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The Lord of the Flies by William Golding

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The Lord of the Flies by William Golding This is an island. At least I think it s an island. That s a reef out in the sea. Perhaps there aren t any grown-ups ... – PowerPoint PPT presentation

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Title: The Lord of the Flies by William Golding


1
The Lord of the Flies by William Golding
  • This is an island. At least I think its an
    island. Thats a reef out in the sea. Perhaps
    there arent any grown-ups anywhere.
  • - Piggy to Ralph (p.12)

2
Place
  • This refers to the physical (geographical)
    location in which the novel occurs. Novels tend
    to have one major setting and several minor
    settings.
  • Is this true of this novel?
  • One setting the island though several
    specific locations on it.
  • Where is the novel set? Quote to support your
    answer.
  • On an island in the Pacific 'the great Pacific
    tide' Ch 3 Mentions of 'Gib' and 'Addis' on
    their way. Coconuts, coral reef, palm trees,
    warm water.

3
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5
  • List the most important locations within the main
    settings.
  • the beach near the lagoon with the platform
  • the mountain top where they light the fire
  • the enclosed place in the jungle where Simon
    communes with nature
  • the spot on the beach where Jack builds his fire
    and where Simon is killed
  • Castle Rock, where the tribe set up HQ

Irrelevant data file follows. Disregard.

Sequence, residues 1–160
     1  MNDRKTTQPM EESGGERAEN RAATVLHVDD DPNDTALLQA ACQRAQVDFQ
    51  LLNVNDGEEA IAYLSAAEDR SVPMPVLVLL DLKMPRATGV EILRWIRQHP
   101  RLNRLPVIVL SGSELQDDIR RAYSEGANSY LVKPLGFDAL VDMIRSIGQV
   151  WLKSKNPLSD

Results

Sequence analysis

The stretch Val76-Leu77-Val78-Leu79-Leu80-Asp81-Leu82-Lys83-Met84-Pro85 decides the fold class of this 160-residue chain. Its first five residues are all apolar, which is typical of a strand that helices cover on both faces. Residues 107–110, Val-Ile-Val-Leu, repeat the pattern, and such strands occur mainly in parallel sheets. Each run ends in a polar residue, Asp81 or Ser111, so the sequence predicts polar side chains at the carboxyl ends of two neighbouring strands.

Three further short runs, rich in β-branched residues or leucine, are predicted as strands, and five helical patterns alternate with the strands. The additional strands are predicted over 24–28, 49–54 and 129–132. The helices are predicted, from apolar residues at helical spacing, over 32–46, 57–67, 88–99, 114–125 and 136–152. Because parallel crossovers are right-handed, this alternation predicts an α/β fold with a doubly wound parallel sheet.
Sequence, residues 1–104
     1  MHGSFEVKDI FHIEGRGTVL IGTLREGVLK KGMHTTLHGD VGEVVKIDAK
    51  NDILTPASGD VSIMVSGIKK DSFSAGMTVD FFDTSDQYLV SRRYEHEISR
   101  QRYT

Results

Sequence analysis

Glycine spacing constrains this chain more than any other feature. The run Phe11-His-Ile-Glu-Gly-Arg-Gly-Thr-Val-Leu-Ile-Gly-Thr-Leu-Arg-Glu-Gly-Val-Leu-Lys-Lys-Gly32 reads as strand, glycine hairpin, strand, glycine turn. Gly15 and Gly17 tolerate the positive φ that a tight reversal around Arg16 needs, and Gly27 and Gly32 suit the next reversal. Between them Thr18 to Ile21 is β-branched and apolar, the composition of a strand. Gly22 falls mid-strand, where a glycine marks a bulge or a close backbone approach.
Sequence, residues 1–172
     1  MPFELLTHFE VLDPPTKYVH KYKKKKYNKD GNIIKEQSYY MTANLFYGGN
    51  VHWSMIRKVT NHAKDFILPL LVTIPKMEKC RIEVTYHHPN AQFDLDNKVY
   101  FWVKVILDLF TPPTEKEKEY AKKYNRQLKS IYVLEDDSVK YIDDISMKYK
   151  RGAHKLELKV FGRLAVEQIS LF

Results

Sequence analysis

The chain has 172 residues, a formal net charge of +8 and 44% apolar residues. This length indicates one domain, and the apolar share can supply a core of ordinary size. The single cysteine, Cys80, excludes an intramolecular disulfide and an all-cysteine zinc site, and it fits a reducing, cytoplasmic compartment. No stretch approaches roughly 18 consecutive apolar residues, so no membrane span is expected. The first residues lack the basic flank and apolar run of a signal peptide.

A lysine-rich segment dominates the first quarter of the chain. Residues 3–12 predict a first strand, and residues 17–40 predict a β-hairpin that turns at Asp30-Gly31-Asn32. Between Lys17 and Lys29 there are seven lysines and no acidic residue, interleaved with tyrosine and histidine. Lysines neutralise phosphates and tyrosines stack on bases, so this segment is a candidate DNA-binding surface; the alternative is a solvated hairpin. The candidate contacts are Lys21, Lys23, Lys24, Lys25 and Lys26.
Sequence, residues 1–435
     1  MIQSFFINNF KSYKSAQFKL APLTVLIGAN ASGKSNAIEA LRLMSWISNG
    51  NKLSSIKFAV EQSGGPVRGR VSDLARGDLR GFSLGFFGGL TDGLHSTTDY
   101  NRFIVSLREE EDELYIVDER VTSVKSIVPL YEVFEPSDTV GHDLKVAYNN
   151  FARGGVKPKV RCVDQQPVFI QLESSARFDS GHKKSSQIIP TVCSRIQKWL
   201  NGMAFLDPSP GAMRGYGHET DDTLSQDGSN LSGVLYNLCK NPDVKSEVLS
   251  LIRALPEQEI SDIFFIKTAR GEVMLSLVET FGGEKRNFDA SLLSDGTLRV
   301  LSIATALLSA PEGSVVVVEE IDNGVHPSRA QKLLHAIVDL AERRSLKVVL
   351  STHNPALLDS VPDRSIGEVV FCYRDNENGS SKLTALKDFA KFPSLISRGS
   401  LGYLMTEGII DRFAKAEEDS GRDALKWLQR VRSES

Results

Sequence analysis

6
  • Look at the descriptions on page 38 to help you
    draw a map of the island. Once you have
    completed the map, add and label the following
  • The scar
  • The mountain
  • The meeting platform
  • Castle Rock

7
The island
8
Time
  • This refers to the time in which the novel is
    set. A novel can have more than the one time
    setting. It also includes the length of time
    covered by the story.
  • When is this novel set? Cite evidence to support
    your answer.
  • An unspecified time (but given the book was
    written in 1954, probably around then). After an
    atomic war.
  • What time span does the story cover?
  • They are there for some weeks, maybe months
    their hair grows enough to need tying back. Yet
    since there are no seasons, there is no clear
    passage of time.
  • There is a significant gap in time between the
    events of Chapters 3 and 4.
  • However, the events of the last few chapters take
    place over a matter of days. Once the hunters
    let the fires go out, the society on the island
    disintegrates at an alarming rate.

9
Discussion Point How important is setting to the
novel?
10
Coral Island Vs the island in Lord of the Flies
  • Listen to the excerpt from Coral Island.
  • How is the island in Coral Island depicted?
  • Positively. It automatically makes the narrator
    think of God.
  • What might the island resemble according to
    Biblical terms?
  • The Garden of Eden

11
Paradise Found?
  • Is the island in LOTF really like the Garden of
    Eden?
  • Find examples that show us how the boys
    perceptions of the island change throughout the
    book.
  • At first the boys see it as paradise this is a
    good island (p.45) it has fruit, pigs, fresh
    water, and a reef to protect them.
  • Then the descriptions become more neutral as the
    boys become aware of the discomforts of living it
    rough.

12
  • (contd.) the wind pressed his grey shirtstiff
    like cardboard (p. 96) with a convulsion of
    the mind, Ralph discovered dirt and decay
    understood how much he disliked perpetually
    flicking the tangled hair out of his eyes
    (p.96). We also see that the conch is fading
    because of the sun
  • After they see the beast, the island becomes
    blatantly menacing. When building the signal